Elsa’s karate blues

At some point during this school year, the fact that our little neighbour, Finley, was taking karate lessons, had a big impact on you. You had already mentioned to me near the end of the last school year that he was doing karate and that you wanted to do the same.

I have often thought about putting you in a martial art so that you can learn to defend yourself and measure your strength, but Chéri was not a fan of “fighting” as a sport, which I totally understand.

So we kept you in gymnastics again this year… and I’m paying the price.

You’ve always loved wrestling with me because, I think, it makes you feel strong despite being the smallest in the family; it gives you a feeling of being powerful. Until this year, I could take it just fine. The pain of your pushing and pulling at my body and limbs, even your cannon balls onto my back or belly when I was laying down, was more easily bearable.

But, of course, you grew up and the pain levels grew with you. Holy mother of dragons, you’re going to break me. To be fair, you do warn me, when you’re in karate fight mode, that you’ll crush me and kill me and whatnot. Sometimes I have to remind you that I don’t like death threats and you quickly snap out of it for a second to apologise before going straight back into fight mode.

When the nice weather started this spring, there were a couple of weeks where Finley would come over to our yard, or you went to his, and you played wrestling with him in the trampoline. That’s a good place to roughhouse because it’s surrounded by a safety net and the “floor” is flexible. You can still get hurt, as you proved to us while playing rough with Nina on many occasions, but it’s safer than the hard ground.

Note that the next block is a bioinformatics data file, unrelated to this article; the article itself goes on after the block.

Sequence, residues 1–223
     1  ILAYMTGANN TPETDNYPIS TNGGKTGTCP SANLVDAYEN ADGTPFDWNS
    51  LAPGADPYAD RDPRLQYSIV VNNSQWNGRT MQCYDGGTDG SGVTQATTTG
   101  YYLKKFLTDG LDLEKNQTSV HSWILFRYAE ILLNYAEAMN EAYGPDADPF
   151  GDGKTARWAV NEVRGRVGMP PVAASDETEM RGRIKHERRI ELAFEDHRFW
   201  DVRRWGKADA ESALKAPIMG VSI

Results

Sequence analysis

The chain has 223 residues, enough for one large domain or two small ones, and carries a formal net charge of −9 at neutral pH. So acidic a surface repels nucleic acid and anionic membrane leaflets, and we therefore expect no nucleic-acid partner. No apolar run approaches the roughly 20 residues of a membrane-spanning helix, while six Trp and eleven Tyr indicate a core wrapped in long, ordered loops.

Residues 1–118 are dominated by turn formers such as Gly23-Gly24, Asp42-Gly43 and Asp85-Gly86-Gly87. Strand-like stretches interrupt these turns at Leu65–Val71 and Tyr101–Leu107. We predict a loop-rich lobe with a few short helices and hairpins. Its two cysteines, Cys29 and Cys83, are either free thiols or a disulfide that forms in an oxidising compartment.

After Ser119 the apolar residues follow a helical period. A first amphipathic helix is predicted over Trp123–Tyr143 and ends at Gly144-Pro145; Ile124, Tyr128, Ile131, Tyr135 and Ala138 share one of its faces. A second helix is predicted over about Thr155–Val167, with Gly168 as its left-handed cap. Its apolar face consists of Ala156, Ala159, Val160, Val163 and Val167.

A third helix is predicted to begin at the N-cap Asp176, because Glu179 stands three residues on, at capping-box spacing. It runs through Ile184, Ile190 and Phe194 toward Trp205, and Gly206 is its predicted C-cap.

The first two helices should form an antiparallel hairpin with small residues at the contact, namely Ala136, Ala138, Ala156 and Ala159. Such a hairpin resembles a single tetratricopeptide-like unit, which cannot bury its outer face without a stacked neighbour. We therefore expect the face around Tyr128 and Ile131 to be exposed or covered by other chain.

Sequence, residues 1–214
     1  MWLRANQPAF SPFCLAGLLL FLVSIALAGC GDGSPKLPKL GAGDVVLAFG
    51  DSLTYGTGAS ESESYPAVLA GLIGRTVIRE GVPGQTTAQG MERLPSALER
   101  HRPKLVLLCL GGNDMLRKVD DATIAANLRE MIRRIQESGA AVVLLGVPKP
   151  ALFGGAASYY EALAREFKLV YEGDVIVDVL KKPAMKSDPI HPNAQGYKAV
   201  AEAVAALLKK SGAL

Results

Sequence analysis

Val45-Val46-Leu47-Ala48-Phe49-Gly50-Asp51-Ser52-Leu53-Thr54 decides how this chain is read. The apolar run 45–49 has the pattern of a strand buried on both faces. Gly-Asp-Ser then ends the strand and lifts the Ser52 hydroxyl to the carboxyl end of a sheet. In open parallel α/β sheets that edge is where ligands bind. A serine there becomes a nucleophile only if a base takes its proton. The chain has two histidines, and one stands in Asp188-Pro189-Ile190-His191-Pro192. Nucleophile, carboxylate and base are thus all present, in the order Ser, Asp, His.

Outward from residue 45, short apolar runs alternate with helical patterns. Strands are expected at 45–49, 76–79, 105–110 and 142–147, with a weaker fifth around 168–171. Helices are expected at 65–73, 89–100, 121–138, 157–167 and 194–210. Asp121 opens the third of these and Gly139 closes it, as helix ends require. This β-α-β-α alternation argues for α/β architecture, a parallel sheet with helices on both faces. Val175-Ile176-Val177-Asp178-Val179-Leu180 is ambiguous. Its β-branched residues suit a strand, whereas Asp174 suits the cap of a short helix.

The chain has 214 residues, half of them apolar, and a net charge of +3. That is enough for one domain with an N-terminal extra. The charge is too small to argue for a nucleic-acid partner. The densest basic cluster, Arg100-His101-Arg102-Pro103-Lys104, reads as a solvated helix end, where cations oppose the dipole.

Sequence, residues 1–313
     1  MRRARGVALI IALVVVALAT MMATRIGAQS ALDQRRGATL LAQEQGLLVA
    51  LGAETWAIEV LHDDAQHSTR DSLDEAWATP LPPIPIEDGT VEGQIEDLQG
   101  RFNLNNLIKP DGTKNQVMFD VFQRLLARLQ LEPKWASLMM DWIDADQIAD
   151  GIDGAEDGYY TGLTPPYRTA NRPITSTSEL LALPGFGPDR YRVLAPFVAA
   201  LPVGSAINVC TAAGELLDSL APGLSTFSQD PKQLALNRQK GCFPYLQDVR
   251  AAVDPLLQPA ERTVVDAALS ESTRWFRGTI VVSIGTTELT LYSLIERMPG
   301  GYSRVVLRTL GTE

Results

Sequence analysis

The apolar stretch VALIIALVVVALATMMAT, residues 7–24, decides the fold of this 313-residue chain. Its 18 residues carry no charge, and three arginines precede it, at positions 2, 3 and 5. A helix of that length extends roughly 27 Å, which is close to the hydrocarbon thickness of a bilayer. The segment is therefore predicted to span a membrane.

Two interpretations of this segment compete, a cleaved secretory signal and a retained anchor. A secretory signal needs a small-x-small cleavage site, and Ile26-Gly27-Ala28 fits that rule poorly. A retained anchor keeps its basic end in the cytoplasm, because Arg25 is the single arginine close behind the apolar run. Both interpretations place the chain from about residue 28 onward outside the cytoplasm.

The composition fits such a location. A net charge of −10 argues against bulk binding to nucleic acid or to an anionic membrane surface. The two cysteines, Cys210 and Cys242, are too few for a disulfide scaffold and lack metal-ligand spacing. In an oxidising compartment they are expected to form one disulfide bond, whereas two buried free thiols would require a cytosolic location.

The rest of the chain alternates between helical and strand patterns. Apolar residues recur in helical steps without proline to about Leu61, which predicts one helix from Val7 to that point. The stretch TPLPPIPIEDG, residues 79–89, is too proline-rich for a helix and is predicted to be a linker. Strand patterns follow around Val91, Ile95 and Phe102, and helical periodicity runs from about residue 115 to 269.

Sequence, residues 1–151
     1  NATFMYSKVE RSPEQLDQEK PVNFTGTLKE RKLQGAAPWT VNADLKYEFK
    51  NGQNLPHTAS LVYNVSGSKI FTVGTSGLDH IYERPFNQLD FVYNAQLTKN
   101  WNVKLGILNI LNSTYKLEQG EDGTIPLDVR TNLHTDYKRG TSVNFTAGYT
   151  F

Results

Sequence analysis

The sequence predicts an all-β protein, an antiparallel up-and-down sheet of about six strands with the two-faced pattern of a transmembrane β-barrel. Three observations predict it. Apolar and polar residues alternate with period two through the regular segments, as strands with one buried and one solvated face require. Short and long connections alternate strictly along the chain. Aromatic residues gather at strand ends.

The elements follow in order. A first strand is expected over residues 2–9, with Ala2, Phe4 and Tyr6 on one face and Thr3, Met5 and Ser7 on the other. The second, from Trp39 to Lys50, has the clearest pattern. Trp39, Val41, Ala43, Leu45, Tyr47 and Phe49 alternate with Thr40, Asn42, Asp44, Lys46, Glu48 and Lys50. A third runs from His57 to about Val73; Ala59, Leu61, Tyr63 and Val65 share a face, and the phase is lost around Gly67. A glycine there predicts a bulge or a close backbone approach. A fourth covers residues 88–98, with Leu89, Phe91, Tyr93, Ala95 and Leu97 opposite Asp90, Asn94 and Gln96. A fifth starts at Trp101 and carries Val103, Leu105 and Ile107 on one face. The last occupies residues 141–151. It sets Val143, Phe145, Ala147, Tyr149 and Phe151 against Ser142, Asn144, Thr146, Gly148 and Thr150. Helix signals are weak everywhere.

A couple of times I saw the wrestling matches between you and Finley, and I was equal parts impressed by your fearlessness and worried he could hurt you; but I couldn’t imagine interrupting the game with some lame, motherly “be careful, not so rough” requests. Isn’t that how we got girls and women in this mess to begin with? Why should we keep girls from testing their physical strength against any adversary? Especially since boys are not limited in that way!

There weren’t many more of those wrestling matches past the early spring so, naturally, you needed another opponent; someone you could regularly “practice” with. Ouch.

After several months of fulfilling my role, my body is covered in bruises (“bleus” in French) and I’ve grown fearful of your “karate mode” face. Your dad knows that face as well (somebody has to fill in when I’m out of order!). It’s usually in the evenings that you suddenly remember that you need to train, mostly at bedtime when we tell you to go to bed and wait for us to come give you a kiss.

You’ll often hide, in a dark corner of your room, under your beanbag, behind the chair, and lunge at me when I come in to say “goodnight.” But I know what I’m stepping into and, most nights, I’m ready and up for it.

Chéri thinks I’m nuts to accept the beatings and he’s worried that you don’t respect my boundaries (you don’t often stop when I say “stop”). This is a lesson that will come soon. I’m just proud to have such strong daughters and I want to do everything I can to let you discover and develop yourselves. A few “blues” from my Elsa are a small price to pay.

I love you, my crazy karateka.

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